How did the interior design work begin? With clients who bought furniture?
No, I am terrible at selling things to people, so I never really offered my own furniture. I can’t really remember how it started. I think just through people I met or knew. But I have never done a huge amount of interior design. I don’t like managing people, and I like to be flexible and move from one kind of project to another. So, I do a lot of different things. I’ve just done the scrapbooks, and now I’m working on a book about the interiors of Buckingham Palace and photographing it myself.
Had you always wanted to do something with your father’s scrapbooks?
No, not particularly. It first came about through Idea Books. They sell my father’s books and are obsessed with him. They kept tagging me on Instagram, and eventually I went to meet them. They have a publishing arm, doing very limited editions mainly with fashion (skateboarding clothes!), and they immediately said, “Let’s do a book.” At first, I thought about my father’s travel photographs, but then I suddenly thought about the scrapbooks. I had already scanned quite a lot of pages, and I thought I had a lot of the material ready.
Of course, when I looked at them again, the quality wasn’t great, and I decided they had to be photographed in daylight. So, it turned into a huge amount of work — photographing every page, then color correcting every single thing. We made a series of four soft books in an edition of two hundred fifty, and it sold out in three days. So, my friend Francesco Venturi, at Vendome Press, said, “Let’s do a hardback one.”
How difficult was it to reduce twenty-five scrapbooks to a single, albeit generous-sized, volume?
Difficult! There were about three thousand pages in the original scrapbooks, and the four-volume edition had six hundred pages. Then this one has around three hundred, so it’s the best of the best. I tried to choose material that hadn’t been published in his books or in the books I’ve done on him. There is wonderful stuff and a lot of variety. He collected absolutely everything written about him, even the negative things, and stuck in invitations, letters he had written, swatches. And photographs — the only bad one ever taken of Jackie Kennedy. There are pictures of us, my mother, a garden party with Shirley MacLaine and Rex Harrison, others of a visit from Princess Grace and Prince Rainier. I didn’t add captions, just an introductory note at the beginning of each section. The pages are exactly as they were in the scrapbooks.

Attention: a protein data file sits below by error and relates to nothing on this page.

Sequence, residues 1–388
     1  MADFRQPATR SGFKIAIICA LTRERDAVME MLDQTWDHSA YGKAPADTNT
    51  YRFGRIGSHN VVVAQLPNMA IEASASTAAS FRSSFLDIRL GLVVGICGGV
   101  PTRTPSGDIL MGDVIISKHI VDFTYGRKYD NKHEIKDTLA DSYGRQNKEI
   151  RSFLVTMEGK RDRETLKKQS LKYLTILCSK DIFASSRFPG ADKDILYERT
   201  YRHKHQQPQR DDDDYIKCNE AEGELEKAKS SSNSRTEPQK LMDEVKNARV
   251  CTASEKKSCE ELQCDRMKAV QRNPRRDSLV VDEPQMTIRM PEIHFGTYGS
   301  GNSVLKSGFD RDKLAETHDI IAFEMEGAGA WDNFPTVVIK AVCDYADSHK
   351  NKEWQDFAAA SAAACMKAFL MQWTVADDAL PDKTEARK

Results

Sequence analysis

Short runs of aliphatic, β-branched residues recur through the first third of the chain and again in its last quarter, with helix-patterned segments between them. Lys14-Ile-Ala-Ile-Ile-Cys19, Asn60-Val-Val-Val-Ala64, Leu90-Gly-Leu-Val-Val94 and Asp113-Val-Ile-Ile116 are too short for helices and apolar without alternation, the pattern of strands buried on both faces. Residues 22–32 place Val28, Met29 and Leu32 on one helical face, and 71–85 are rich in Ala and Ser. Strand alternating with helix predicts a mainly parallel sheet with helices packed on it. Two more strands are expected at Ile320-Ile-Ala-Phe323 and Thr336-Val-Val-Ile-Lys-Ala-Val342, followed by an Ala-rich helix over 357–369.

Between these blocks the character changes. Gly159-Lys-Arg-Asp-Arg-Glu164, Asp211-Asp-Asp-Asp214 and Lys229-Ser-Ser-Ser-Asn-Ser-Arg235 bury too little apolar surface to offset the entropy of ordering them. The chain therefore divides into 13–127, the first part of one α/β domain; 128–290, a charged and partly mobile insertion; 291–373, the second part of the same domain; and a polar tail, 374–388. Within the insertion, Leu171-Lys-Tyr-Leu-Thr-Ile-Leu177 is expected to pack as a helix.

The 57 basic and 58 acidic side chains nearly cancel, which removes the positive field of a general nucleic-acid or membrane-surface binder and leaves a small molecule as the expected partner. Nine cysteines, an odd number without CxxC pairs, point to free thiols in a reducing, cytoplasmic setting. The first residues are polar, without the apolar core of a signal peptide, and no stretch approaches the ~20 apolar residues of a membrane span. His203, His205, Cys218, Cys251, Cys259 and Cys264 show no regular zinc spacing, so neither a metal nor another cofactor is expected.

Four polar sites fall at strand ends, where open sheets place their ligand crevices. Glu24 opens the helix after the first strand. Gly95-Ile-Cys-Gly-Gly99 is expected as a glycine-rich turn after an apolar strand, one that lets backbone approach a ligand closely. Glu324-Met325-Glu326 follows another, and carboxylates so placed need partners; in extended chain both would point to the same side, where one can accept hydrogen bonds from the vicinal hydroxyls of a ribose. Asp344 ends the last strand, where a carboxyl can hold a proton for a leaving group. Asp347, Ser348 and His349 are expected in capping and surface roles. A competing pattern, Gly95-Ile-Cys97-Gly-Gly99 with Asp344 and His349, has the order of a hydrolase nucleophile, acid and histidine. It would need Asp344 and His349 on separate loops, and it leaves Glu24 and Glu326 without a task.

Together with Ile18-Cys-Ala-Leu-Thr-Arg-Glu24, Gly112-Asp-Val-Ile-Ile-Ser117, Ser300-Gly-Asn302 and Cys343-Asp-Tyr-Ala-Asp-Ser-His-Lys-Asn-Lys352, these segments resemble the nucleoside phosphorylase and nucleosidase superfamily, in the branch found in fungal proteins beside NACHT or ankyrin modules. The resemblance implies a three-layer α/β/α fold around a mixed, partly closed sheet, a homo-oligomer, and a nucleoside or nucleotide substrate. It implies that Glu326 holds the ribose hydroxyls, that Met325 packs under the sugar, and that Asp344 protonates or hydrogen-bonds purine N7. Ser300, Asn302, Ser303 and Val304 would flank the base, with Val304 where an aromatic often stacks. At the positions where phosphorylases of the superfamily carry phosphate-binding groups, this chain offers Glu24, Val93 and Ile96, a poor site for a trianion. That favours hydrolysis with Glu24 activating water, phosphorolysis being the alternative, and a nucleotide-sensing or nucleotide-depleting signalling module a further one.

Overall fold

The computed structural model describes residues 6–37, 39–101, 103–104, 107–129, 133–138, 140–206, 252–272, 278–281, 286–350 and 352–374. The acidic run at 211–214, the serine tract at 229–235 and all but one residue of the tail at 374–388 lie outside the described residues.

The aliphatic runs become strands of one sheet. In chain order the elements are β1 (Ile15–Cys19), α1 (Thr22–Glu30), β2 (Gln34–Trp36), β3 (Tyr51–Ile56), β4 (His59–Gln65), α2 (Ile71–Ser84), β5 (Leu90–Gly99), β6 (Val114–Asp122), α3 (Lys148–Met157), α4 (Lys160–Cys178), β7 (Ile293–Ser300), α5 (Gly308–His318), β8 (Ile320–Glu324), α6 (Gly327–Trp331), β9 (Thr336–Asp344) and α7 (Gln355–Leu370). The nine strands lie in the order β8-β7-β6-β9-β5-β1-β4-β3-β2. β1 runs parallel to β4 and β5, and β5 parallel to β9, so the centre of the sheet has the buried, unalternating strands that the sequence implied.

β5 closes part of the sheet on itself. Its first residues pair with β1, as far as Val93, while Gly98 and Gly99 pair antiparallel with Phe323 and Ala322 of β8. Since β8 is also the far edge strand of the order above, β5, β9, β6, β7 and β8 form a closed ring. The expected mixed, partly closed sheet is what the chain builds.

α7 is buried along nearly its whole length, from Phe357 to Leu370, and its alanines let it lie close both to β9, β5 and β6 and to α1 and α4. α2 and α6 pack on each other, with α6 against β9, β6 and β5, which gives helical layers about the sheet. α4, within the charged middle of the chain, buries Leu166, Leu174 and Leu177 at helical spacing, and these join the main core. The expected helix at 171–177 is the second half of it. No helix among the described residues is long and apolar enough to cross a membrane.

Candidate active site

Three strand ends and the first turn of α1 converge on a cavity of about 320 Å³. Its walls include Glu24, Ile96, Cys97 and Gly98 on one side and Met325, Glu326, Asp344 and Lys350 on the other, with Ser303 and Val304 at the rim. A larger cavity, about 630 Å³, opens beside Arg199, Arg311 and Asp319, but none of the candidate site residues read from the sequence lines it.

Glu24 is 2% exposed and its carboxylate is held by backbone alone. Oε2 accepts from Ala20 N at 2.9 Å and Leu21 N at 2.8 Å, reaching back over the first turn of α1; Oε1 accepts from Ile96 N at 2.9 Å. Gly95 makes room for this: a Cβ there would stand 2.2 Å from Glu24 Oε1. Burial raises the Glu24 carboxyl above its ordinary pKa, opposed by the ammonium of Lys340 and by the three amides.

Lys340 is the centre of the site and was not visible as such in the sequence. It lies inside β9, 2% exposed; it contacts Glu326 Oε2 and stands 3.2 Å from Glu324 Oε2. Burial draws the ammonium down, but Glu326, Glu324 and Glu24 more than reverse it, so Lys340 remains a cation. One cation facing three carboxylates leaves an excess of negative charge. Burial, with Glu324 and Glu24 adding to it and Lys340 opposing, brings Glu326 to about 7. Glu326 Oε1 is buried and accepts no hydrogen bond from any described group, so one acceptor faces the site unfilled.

Did you organize the book chronologically?
Yes, but some sections cover three years while the last covers twenty-two years. I’ve concentrated on the first twenty years of my father’s work, partly because the 1960s and ’70s look fabulous to us today but also because I think the work really is stronger and those pages are visually much richer. My father was an early peaker. There was an extraordinary outburst of creativity and brilliance from when he married my mum, in 1960, until 1979, when my grandfather was killed by an IRA bomb. I think afterwards things sort of fell apart.
Which are your favorite pages in the book?
There is a page from 1964 with photographs of a visit to Haile Selassie in Ethiopia that shows [the emperor’s] leopard chained up outside the palace and my mother in jodhpurs and gin and tonics served in silver beakers. It’s great!
I also love a spread of invitations he shows for the opening of David Hicks Paris in 1973. Pride of place is given to a note from Princess Grace saying they are not able to come.
And then there is this one from March 1979: “David Hicks Says Goodbye to His Dream House.” His business had gone bust, and they were leaving the house and selling everything, but here he is posing in his cloak and spending hours composing the photograph for the Sotheby’s catalogue. Even though it was a bit of a humiliation, he turned it into an exciting new opportunity. “You can design your own room in our new house,” he told me. “Or I can do it.” I said, “No, I’ll do it.” And I did, entirely in black and white, probably because my father was always saying, “No one can do color like me.”
Was it difficult to grow up with David Hicks as your father?
I’m not sure. He was a strong, slightly confusing personality. Tremendously loving and sweet but also a raging narcissist, which isn’t the easiest thing. There was never a dull moment, but it wasn’t confidence building for a son. The designer Nicky Haslam used to tell me how my father would go on and on singing my praises, but of course, he never said any of those things to me.